Efficacy of Ivermectin Treatment on Disease Progression Among Adults With Mild to Moderate COVID-19 and Comorbidities: The I-TECH Randomized Clinical Trial

Link to article at PubMed

JAMA Intern Med. 2022 Feb 18. doi: 10.1001/jamainternmed.2022.0189. Online ahead of print.

ABSTRACT

IMPORTANCE: Ivermectin, an inexpensive and widely available antiparasitic drug, is prescribed to treat COVID-19. Evidence-based data to recommend either for or against the use of ivermectin are needed.

OBJECTIVE: To determine the efficacy of ivermectin in preventing progression to severe disease among high-risk patients with COVID-19.

DESIGN, SETTING, AND PARTICIPANTS: The Ivermectin Treatment Efficacy in COVID-19 High-Risk Patients (I-TECH) study was an open-label randomized clinical trial conducted at 20 public hospitals and a COVID-19 quarantine center in Malaysia between May 31 and October 25, 2021. Within the first week of patients' symptom onset, the study enrolled patients 50 years and older with laboratory-confirmed COVID-19, comorbidities, and mild to moderate disease.

INTERVENTIONS: Patients were randomized in a 1:1 ratio to receive either oral ivermectin, 0.4 mg/kg body weight daily for 5 days, plus standard of care (n = 241) or standard of care alone (n = 249). The standard of care consisted of symptomatic therapy and monitoring for signs of early deterioration based on clinical findings, laboratory test results, and chest imaging.

MAIN OUTCOMES AND MEASURES: The primary outcome was the proportion of patients who progressed to severe disease, defined as the hypoxic stage requiring supplemental oxygen to maintain pulse oximetry oxygen saturation of 95% or higher. Secondary outcomes of the trial included the rates of mechanical ventilation, intensive care unit admission, 28-day in-hospital mortality, and adverse events.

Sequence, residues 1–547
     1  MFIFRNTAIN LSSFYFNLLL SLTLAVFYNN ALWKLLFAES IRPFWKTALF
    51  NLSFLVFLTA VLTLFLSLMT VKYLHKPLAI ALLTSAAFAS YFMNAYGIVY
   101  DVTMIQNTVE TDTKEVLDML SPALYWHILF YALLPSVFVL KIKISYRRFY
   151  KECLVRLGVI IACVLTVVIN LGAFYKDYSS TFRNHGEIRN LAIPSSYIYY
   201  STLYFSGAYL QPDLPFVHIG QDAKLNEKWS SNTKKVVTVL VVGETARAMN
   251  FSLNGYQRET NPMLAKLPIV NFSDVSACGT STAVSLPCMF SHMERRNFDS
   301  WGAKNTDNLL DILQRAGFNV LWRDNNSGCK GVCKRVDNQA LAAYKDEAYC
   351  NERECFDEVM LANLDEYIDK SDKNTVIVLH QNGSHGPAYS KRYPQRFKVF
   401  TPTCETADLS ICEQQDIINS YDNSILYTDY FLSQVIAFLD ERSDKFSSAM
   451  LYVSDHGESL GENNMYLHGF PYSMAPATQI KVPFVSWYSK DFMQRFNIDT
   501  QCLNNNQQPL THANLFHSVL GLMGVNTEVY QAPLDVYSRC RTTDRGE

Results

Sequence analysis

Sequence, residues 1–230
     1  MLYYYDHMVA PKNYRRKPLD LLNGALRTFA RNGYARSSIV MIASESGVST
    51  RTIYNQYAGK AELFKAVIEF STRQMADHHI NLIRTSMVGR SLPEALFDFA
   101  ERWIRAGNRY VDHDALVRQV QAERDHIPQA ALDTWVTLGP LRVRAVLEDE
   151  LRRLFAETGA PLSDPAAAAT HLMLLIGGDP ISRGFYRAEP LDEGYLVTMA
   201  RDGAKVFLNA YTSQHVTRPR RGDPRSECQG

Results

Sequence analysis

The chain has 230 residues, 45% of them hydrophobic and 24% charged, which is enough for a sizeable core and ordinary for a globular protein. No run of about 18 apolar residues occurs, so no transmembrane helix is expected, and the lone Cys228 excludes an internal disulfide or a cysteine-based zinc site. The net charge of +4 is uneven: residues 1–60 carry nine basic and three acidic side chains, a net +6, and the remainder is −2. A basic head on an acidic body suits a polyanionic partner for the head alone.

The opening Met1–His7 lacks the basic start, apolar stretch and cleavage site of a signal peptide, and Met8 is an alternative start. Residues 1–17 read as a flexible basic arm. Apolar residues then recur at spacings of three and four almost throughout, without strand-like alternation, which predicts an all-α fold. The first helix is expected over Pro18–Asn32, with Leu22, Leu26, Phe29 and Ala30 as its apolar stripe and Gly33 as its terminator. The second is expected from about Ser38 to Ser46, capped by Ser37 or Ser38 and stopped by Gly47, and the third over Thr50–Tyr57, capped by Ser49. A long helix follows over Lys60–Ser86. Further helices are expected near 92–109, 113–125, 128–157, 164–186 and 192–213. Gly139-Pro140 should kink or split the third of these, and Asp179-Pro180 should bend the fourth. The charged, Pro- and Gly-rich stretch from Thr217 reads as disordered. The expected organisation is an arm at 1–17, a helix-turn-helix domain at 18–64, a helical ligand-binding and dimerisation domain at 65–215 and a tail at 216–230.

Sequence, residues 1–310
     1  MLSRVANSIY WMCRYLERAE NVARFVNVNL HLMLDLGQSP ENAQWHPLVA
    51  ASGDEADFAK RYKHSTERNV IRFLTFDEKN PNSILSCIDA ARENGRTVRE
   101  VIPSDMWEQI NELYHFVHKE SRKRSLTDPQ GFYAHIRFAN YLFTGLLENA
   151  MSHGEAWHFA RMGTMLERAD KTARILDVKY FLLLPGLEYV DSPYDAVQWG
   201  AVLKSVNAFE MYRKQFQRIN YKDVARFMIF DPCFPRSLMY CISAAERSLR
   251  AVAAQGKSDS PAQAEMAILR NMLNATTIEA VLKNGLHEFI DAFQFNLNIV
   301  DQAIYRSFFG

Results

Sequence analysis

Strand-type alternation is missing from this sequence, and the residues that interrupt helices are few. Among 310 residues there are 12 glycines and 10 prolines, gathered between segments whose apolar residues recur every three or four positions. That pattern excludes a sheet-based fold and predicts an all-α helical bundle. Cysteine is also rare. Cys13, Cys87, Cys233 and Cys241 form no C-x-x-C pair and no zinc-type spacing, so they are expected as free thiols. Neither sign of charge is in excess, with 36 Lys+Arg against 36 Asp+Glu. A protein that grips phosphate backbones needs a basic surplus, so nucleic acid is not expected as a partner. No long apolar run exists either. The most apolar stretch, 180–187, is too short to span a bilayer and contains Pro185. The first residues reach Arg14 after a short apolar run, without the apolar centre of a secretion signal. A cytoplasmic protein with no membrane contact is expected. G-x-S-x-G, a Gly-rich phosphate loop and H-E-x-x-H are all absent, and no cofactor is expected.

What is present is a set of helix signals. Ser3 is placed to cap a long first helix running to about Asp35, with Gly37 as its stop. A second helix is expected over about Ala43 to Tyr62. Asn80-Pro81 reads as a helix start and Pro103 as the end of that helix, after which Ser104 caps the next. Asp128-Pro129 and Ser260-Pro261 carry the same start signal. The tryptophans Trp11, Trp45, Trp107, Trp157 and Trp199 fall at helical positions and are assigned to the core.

RESULTS: Among 490 patients included in the primary analysis (mean [SD] age, 62.5 [8.7] years; 267 women [54.5%]), 52 of 241 patients (21.6%) in the ivermectin group and 43 of 249 patients (17.3%) in the control group progressed to severe disease (relative risk [RR], 1.25; 95% CI, 0.87-1.80; P = .25). For all prespecified secondary outcomes, there were no significant differences between groups. Mechanical ventilation occurred in 4 (1.7%) vs 10 (4.0%) (RR, 0.41; 95% CI, 0.13-1.30; P = .17), intensive care unit admission in 6 (2.4%) vs 8 (3.2%) (RR, 0.78; 95% CI, 0.27-2.20; P = .79), and 28-day in-hospital death in 3 (1.2%) vs 10 (4.0%) (RR, 0.31; 95% CI, 0.09-1.11; P = .09). The most common adverse event reported was diarrhea (14 [5.8%] in the ivermectin group and 4 [1.6%] in the control group).

CONCLUSIONS AND RELEVANCE: In this randomized clinical trial of high-risk patients with mild to moderate COVID-19, ivermectin treatment during early illness did not prevent progression to severe disease. The study findings do not support the use of ivermectin for patients with COVID-19.

TRIAL REGISTRATION: ClinicalTrials.gov Identifier: NCT04920942.

PMID:35179551 | DOI:10.1001/jamainternmed.2022.0189

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